Beyond OpenCL: More Concurrent than Parallel!

(Rapid Prototyping of Large Scale Hardware Systems Using Tooling)

“Computer Science is not just about coding to get a job done,
 it’s also about broader thinking skills like computational thinking
 and abstraction and modelling and design.” — Simon Peyton Jones

This post is aimed at readers who are already familiar with hardware-level design concepts, “prototyping” and the Communicating Sequential Processes (CSP) programming model, which is also the basis for the Go language. For an introduction to concurrency, we’d recommend watching Concurrency is not Parallelism by Rob Pike and also reading Hoare’s original paper on CSP, particularly the examples [1].

As it stands, the available resources on FPGAs are increasing faster than our ability to design for them using traditional methods. To tackle this, modern scalable solutions have to emerge to enable efficient exploitation of the resources. On the other hand, complex systems call for better controllability over various design parameters (incl. data and control widths, on-/off- chip memory blocks, topology etc.). Rapid prototyping of such systems will not only address the design productivity gap but also allow us to get the desired performance out of them by exploring the design space.

FPGA Prototyping

Fast FPGA prototyping emerged in the late 90s and early 2000s to accelerate and validate the design process. High-level synthesis tools, aka C-to-gates, have also emerged to facilitate this approach by abstracting low-level signalling, protocols, drivers etc. and enabling seamless hardware device targeting (CPU/GPU/FPGA).

High-level synthesis technologies mostly take imperative languages, such as C/C++ or Python, as their input, and extend the control-flow toward parallelism using ‘pragmas’. This requires the designer to rethink the implementation and use design-for-prototyping (DFP) techniques, which usually require a great deal of effort to rework the original design.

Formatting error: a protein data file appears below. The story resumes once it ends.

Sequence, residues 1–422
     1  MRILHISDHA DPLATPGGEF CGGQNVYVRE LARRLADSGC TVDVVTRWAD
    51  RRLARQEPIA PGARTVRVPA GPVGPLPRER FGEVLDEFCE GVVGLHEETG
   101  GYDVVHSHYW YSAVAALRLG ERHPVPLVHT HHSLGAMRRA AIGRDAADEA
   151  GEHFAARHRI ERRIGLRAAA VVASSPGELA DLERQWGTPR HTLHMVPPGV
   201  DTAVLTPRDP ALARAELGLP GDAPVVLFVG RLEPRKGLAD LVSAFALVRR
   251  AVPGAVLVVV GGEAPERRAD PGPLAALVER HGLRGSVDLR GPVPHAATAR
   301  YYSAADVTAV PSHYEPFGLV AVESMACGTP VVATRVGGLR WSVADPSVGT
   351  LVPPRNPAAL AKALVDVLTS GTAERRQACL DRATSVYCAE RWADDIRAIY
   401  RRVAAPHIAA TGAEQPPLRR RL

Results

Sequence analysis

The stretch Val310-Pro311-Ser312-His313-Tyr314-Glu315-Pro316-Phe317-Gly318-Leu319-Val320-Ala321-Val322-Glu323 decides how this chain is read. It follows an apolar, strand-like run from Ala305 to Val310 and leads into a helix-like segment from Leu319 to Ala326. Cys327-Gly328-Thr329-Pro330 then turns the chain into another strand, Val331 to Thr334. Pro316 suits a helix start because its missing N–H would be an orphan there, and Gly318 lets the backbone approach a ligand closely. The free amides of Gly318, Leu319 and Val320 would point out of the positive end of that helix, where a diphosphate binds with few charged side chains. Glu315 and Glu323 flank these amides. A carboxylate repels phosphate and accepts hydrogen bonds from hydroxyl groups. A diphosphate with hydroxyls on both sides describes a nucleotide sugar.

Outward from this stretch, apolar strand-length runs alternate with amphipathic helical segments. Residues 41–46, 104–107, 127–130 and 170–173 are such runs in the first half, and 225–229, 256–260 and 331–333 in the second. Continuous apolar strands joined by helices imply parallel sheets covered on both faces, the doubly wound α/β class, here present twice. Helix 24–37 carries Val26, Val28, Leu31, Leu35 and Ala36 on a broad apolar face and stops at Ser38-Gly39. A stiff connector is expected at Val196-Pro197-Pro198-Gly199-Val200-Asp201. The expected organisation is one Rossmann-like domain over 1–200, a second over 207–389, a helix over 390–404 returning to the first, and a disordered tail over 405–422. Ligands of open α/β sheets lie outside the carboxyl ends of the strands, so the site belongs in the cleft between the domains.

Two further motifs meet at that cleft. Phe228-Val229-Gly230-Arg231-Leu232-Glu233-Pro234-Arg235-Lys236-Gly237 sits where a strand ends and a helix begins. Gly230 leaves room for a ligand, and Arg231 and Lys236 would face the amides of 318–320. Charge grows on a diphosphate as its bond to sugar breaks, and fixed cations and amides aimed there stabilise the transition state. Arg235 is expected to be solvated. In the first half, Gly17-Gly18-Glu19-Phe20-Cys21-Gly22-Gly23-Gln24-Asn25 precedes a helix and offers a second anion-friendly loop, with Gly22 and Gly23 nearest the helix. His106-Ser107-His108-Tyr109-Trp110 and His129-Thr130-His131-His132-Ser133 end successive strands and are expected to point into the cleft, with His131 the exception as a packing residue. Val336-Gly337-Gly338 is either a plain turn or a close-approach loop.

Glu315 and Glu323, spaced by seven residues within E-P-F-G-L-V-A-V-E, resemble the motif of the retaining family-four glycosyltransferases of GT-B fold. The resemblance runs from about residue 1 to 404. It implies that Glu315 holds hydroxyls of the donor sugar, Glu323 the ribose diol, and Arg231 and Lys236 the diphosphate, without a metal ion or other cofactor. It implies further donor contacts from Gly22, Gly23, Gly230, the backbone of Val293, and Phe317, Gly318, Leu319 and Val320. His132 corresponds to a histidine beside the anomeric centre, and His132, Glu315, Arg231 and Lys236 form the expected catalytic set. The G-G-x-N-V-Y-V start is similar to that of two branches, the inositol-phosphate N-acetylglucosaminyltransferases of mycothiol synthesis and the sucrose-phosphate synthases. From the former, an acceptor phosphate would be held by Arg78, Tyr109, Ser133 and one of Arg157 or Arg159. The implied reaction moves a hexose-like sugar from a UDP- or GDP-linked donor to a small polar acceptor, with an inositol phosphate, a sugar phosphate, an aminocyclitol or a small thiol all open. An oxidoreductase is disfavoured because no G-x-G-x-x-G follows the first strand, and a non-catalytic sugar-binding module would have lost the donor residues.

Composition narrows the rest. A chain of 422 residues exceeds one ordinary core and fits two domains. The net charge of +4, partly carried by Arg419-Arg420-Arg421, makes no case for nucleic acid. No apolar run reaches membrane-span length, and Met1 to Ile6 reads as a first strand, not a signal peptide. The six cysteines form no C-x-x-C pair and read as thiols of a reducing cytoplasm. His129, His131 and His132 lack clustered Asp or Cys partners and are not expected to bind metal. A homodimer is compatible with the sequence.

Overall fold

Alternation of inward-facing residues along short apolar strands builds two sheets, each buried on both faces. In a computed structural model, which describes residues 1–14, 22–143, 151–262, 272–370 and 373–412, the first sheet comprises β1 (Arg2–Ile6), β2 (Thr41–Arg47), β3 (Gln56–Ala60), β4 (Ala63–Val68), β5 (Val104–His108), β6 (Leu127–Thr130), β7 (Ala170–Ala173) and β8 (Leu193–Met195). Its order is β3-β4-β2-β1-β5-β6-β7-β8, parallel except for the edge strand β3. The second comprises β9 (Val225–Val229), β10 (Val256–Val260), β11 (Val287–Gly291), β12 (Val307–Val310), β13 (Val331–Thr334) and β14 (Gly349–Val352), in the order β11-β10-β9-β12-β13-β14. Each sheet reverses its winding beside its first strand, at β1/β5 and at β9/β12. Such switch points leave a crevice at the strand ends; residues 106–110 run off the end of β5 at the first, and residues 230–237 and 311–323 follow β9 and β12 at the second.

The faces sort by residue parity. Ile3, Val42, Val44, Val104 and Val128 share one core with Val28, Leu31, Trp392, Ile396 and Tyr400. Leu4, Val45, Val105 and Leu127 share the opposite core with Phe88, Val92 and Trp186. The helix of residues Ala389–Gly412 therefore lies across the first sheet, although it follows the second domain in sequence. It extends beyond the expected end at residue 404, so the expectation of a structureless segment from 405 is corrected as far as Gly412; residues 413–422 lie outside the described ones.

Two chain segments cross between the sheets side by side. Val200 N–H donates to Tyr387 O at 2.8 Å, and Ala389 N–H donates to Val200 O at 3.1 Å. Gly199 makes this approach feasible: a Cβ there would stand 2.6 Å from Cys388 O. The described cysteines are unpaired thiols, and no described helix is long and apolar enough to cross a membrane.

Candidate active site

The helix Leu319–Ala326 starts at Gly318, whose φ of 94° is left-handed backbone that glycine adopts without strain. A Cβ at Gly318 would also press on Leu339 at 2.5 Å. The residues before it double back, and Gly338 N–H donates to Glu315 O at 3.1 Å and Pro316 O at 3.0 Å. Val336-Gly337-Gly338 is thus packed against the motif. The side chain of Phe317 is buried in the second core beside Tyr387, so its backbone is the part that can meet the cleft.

Also, to create programs that are composed of concurrent entities, a real concurrent language is required rather than running several processes in parallel with a lot of synchronisation between them. The latter may not be ideal for modelling co-hardware/software systems as they are usually critically timed, and using a machine suitable for running parallel threads may cause an unrealistic behaviour.’s Solution

At, our solution exploits a non-deterministic, concurrent (thus hardware friendly), CSP-based programming model to allow fast prototyping of co hardware/software systems. Our synthesis framework takes a high-level description in Go, generates logic kernels correspondingly, and seamlessly couples them with the available memory blocks and communication channels available in the environment, incl. AXI, PCIe, NVMe, NVLink, etc. [2].

We use Go because its concurrent nature enables parallelism. It has features that are perfect for modelling concurrent systems, such as channels, goroutines and selects. Its fine-grained light-weight goroutines allow users to decompose a complicated job into several light-weight tasks and spawn a separate routine (goroutine) to work together and get the job done! From my perspective as a Go programmer, I find goroutines facilitate decomposing large tasks into several smaller tasks. is different to C-to-gates frameworks with high parallelisation capabilities, such as OpenCL, in several ways:

  • Based on concurrent rather than sequential thinking (hardware friendly)
  • Exploits concurrency in semantics of the language (Go channels and goroutines)
  • Enables seamless partitioning of processes (enables multi-FPGA)
  • Enables asynchronous and elastic communication (enables multiple clocking [3])

Conclusion is an easy to use, cost effective way for researchers to prototype complicated large-scale hardware systems, deploy them onto FPGAs in the AWS cloud and get performance, power and area results in just a few minutes. We also have a friendly community forum where our engineers provide feedback and optimization help with software-level designs.

Read more at:

[1]. C.A.R. Hoare, 1978. Communicating sequential processes. In The origin of concurrent programming (pp. 413–443). Springer New York.

[2]. M. Jelodari Mamaghani, R. Taylor, “The Synthesis Path for Transforming ‘Go’ Programs into Hardware Deployable on FPGA-based Cloud Infrastructures”, US Patent app №62412376, 2016

[3]. M. Jelodari Mamaghani, J. Garside, “High-level Synthesis of GALS Systems”, In Proc. of PAnDA Workshop on Designing with Uncertainty — Opportunities & Challenges, York, UK. March 2014